Chatha discussed existing and potential new applications in which smart connects products — such as the Fibit Wireless Activity Tracker that tracks steps, distance and calories burned and interfaces with iOS and Android portable devices — could be used to help us all improve our health. “I think we’re going to see a floodgate of wearable devices such as these,” he said, and then added, “But how can connected devices provide the most benefits in the plant?”
He then addressed the IoT value propositions for industrial asset owner-operators and technology asset suppliers, stressing that because most industrial companies are both asset owners and either asset or product suppliers, they stand to benefit both ways.
Asset Owner Value Proposition
For asset owners, the IoT value proposition falls under three general categories: improved asset performance, lower asset lifecycle costs and a new platform for innovation.
Smart devices connected through the IoT can help improve plant performance by reducing downtime by helping predict, diagnose, analyze and remediate failures before they can interrupt production or com-promise product quality.
Organizations can both share relevant information internally and use it collaborate with suppliers to help solve problems.
The Industrial IoT also will enable technology suppliers to collaborate more effectively with technology users to develop better solutions, and help product suppliers collaborate with customers to improve products and do a better job of meeting the customers’ needs. Ultimately, users will pay for actual value received, rather than just paying for products.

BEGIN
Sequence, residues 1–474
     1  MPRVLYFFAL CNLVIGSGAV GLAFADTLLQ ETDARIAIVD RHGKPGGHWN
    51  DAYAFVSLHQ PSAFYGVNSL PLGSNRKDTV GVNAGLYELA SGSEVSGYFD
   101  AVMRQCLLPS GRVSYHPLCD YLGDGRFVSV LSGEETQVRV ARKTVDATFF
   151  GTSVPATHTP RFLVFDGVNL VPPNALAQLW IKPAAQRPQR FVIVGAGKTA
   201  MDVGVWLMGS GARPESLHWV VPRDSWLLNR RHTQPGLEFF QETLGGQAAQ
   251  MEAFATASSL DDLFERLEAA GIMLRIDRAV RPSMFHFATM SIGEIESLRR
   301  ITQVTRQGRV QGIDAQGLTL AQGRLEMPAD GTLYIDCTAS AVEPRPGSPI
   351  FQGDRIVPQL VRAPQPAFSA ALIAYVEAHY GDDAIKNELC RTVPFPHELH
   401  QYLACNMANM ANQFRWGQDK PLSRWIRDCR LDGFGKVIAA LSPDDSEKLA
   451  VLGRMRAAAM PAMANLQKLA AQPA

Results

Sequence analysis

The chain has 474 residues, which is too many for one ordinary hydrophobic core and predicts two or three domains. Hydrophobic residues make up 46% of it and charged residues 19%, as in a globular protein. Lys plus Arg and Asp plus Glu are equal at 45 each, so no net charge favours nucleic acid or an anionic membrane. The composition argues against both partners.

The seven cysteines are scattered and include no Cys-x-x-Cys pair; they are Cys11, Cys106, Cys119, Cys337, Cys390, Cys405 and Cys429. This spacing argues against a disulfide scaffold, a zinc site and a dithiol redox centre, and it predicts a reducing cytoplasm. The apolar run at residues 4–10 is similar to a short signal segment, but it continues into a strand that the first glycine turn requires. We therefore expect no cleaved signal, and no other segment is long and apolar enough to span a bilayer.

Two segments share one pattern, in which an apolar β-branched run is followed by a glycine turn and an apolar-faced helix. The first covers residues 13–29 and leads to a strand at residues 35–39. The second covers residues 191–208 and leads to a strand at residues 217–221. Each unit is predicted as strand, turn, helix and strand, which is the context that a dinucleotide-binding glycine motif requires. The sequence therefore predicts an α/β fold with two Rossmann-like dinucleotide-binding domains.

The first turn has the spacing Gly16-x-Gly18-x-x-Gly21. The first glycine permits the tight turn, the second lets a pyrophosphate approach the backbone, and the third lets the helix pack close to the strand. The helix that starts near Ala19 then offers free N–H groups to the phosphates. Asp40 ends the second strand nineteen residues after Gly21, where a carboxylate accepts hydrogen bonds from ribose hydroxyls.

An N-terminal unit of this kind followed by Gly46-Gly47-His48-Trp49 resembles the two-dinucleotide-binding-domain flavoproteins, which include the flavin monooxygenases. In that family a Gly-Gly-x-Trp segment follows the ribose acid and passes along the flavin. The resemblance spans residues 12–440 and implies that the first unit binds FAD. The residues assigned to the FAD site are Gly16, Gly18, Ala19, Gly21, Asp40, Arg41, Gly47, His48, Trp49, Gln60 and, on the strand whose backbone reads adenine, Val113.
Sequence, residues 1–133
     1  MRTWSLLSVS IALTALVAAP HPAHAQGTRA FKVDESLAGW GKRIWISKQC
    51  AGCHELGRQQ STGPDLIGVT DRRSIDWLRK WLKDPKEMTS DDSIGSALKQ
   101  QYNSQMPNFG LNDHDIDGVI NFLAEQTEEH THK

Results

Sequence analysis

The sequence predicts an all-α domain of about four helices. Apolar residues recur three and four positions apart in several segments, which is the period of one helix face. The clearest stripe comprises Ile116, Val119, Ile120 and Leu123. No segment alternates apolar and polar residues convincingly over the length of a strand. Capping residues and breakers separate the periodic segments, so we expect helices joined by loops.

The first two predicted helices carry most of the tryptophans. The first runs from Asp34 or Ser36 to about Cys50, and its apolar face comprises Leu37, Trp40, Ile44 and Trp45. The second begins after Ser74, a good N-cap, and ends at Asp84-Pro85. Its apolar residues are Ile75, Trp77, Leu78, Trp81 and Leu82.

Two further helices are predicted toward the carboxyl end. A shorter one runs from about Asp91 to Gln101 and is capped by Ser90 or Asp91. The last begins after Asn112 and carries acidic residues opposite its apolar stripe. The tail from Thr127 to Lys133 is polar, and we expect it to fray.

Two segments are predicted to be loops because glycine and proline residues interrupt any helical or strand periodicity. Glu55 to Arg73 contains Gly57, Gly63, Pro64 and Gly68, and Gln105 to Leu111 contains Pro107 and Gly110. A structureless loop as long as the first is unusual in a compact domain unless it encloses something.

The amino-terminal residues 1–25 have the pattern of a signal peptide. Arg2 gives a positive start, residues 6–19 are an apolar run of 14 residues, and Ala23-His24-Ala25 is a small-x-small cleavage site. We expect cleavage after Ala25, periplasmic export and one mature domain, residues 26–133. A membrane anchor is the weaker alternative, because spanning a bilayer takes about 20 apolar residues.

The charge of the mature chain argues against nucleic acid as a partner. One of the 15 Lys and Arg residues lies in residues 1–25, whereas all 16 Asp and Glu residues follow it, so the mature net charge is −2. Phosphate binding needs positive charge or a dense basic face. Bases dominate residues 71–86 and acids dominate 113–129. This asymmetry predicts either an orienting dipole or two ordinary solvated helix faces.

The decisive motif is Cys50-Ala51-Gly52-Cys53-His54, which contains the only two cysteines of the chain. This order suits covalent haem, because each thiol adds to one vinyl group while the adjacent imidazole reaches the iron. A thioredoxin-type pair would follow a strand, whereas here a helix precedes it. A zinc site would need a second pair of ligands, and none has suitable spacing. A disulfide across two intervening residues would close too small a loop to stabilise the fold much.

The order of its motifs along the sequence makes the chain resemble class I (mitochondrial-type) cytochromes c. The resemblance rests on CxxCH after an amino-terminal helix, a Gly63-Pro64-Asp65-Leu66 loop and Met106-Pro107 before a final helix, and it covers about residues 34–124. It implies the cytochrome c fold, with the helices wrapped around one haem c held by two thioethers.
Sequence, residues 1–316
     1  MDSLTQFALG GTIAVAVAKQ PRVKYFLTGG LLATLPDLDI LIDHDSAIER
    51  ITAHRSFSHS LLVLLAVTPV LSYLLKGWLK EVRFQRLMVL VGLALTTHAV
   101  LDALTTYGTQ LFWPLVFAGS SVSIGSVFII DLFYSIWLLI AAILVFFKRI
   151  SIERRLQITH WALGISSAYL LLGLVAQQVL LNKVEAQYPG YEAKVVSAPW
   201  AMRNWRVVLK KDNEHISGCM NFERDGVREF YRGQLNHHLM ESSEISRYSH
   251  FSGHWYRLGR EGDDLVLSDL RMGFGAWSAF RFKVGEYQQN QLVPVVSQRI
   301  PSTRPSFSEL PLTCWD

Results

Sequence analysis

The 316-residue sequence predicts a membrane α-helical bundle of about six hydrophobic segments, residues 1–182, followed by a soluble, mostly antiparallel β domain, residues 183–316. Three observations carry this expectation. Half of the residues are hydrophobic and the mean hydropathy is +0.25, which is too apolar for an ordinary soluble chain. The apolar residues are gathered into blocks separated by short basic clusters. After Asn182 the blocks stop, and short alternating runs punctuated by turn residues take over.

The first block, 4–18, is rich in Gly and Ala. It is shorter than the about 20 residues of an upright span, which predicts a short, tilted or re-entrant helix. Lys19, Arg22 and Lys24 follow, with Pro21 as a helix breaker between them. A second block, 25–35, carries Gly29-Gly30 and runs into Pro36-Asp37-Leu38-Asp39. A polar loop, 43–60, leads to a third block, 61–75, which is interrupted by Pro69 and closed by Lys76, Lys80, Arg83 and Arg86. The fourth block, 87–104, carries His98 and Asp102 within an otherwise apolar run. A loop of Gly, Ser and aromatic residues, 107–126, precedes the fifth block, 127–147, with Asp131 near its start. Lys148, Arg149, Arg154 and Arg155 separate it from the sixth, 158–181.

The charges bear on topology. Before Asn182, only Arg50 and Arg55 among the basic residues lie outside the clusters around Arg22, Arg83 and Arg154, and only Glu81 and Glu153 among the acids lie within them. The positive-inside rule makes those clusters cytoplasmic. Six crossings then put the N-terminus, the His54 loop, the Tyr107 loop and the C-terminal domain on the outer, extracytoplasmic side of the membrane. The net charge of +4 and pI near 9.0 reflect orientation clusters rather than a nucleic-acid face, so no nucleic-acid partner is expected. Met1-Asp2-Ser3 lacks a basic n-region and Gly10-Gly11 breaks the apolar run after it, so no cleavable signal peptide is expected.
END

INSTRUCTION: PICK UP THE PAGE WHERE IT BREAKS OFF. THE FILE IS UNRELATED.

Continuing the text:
Lower Asset Lifecycle Costs
Because connected devices can support remote configuration, remote monitoring, remote fixes and remote updates, asset owners can use the technology to reduce their engineering, maintenance and repair costs over the entire lifecycle of an asset. And unlike typical IT assets, industrial assets remain in service for 10, 20 or 30 years, or more, so these savings can really add up.
A New Platform for Innovation
Through data collection, increased interactivity and collaboration, connected products can provide a platform for product innovation. According to Chatha, “Just as many companies run business software in the Cloud and pay for the software on a monthly subscription basis, you can do the same with products; pay for the value derived from the product, not the product itself. Many companies already run IT applications in the Cloud, why not for software at the plant level as well, at least for larger assets?”
Asset Supplier Value Proposition
Chatha also believes that there’s a parallel value proposition for asset suppliers that can help them justify “jumping on the bandwagon.” For asset and technology suppliers, this involves better productivity, improved service business profitability and (as for asset owners) a platform for innovation.
Connected devices can improve field service workforce productivity by enabling service personnel to diagnose and fix customer problems remotely, without having to travel to the customer’s site. They can help bolster the profitability of a supplier’s service business by helping customers solve business problems, lowering warranty costs and improving overall customer satisfaction. And the IoT can provide a platform for innovation by enabling suppliers to move from supplying products, to supplying products-as-a-service. Here, there’s ample opportunity to work with customers to achieve incremental product innovations.